OH MY a Multihull
owner who can be honest about his boats performance and Australian too with a Seawind 1160
We have found that with our engines on we do pretty well to windward, notwithstanding the reputation of catamarans going into the breeze. As we have mentioned before we generally use only one engine
in such conditions, as we rarely use both when under way. (We only gain 15% of speed, but use 100% more fuel
We can generally sail upwind at an angle of about 25° to the wind
when motor-sailing and we do about 5-6 knots to windward with any breeze above 10-15 knots. We have to add about another 7-10° for leeway (the amount that the boat slips sideways in the water) so when we tack from one tack to the other we usually turn about 65-70° which is about what the big super racing
yachts can manage for their tacking angle.
Of course without the engines we would have an angle to the wind
of about 35°, and our speed in 15 knots of wind would be around 4 knots (5 or more at 40°) and at this speed the mini-keels don’t grip as well and we slip sideways more which has the effect of increasing the overall angle we are really moving at when measured on the GPS
- so all up we would have a tacking angle of about 100° (50° each side made up of 40° of our heading, plus another 10° for leeway).
The net effect of this, if you apply that trigonometry you had to learn in high school
, the net useful speed made directly upwind (called the “Velocity Made Good” to the wind) is made up using the following equation:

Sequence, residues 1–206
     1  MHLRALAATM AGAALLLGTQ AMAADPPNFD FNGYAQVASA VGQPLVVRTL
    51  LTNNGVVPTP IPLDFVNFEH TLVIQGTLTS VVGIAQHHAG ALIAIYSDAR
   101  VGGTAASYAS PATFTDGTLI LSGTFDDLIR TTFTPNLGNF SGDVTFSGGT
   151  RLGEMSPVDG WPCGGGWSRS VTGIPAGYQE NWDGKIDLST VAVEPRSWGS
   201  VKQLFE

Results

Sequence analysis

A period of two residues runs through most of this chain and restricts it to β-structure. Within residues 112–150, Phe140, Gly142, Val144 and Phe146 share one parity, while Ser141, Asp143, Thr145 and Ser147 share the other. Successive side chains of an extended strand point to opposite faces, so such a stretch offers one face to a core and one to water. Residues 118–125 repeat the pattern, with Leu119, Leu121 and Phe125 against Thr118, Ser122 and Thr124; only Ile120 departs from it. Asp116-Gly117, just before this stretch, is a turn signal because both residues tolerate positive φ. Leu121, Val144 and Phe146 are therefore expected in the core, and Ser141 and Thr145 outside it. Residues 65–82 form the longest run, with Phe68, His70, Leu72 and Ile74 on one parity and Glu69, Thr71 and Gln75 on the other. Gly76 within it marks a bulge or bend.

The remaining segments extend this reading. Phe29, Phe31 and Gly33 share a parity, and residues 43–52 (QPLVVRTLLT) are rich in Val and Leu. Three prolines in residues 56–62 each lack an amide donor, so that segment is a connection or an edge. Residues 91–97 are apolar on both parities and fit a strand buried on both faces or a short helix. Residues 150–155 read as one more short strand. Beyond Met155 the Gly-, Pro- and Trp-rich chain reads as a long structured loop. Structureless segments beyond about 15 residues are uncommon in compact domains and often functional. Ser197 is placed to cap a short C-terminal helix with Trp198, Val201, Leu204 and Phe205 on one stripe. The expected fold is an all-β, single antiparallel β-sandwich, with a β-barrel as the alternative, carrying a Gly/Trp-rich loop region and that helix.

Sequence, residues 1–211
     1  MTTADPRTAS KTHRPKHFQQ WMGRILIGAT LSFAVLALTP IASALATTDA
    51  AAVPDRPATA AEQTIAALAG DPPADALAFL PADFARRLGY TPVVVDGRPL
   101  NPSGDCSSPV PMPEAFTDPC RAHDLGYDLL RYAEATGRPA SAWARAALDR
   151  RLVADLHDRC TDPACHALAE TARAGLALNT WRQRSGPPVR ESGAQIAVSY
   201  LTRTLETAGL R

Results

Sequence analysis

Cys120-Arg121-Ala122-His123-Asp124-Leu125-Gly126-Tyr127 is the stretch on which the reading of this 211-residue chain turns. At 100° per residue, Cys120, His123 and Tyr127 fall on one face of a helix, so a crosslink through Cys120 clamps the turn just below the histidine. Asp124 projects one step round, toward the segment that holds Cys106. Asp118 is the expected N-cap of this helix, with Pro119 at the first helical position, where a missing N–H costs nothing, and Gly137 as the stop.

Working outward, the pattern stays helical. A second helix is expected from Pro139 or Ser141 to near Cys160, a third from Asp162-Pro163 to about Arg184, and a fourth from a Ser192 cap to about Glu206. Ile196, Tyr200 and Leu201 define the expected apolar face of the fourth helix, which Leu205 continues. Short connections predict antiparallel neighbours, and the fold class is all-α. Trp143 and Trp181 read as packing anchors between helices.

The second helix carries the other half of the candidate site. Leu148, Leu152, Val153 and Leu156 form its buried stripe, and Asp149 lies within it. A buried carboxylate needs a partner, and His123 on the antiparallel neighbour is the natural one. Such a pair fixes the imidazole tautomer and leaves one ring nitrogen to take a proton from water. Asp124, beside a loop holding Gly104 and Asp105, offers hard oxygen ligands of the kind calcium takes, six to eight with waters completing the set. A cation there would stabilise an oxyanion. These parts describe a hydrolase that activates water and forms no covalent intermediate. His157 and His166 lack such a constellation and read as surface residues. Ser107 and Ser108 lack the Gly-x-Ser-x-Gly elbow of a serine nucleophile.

- -VMG = cos(angle to the wind) x boat speed
- -Without the motor = cos(50°)x 5kt = 64% of 5kt = 3.2k
- -with the motor this = cos(35°) x 6kt = 82% of 6kt = 4.9kt or more than 50% faster getting to where we’re going, and the effect is even greater in light winds of course.
In fact, we noticed coming down the west coast
that we were more than competitive with the monohulls when going to windward, as many of the cruising monos also used an engine
going to windward, and even so we would usually beat them except for a couple of the larger boats which were significantly longer than us, who we would not expect to catch in any conditions.
The take home message is that when cruising to windward, there is more use of motors than we had originally thought - not because we can’t get there without it, but because it actually works quite well and is generally much more comfortable than banging straight into a headwind. When coupled with the need to make electricity and water
- this further justifies the use of motors in such conditions.
Day 289 - VMG upwind to the Tamar River